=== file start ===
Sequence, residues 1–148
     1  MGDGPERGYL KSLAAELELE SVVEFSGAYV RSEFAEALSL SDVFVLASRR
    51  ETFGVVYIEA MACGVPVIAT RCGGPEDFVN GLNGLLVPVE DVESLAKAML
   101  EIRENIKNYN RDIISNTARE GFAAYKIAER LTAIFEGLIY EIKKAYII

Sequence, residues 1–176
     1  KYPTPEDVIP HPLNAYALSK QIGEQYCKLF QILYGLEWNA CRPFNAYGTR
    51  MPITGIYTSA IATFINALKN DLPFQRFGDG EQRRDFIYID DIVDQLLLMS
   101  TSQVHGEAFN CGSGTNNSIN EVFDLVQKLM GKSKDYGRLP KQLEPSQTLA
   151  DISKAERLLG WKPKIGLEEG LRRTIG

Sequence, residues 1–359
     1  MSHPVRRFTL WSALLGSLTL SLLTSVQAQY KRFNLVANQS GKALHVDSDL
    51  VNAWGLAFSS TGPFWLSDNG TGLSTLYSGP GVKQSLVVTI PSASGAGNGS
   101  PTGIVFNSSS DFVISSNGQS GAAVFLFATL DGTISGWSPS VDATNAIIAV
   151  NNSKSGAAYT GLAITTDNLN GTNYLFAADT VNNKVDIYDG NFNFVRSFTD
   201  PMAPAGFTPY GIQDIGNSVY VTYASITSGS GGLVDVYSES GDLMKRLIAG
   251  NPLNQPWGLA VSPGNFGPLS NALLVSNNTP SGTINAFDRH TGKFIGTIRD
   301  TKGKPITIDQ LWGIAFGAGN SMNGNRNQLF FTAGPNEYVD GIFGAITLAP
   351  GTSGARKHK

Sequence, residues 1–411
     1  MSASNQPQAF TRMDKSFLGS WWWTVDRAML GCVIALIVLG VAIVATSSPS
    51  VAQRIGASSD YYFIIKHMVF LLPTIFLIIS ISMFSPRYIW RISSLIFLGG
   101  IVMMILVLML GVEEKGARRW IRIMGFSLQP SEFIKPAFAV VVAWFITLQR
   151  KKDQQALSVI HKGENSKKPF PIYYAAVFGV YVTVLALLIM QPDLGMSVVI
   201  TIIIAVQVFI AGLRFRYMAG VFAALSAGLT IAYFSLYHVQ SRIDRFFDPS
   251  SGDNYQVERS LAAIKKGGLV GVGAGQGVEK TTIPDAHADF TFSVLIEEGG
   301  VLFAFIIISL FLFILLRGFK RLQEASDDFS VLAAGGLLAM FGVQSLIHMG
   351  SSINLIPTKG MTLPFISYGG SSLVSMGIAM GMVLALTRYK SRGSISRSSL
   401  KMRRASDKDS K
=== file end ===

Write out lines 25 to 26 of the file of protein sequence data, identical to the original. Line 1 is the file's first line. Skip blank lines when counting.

   251  SGDNYQVERS LAAIKKGGLV GVGAGQGVEK TTIPDAHADF TFSVLIEEGG
   301  VLFAFIIISL FLFILLRGFK RLQEASDDFS VLAAGGLLAM FGVQSLIHMG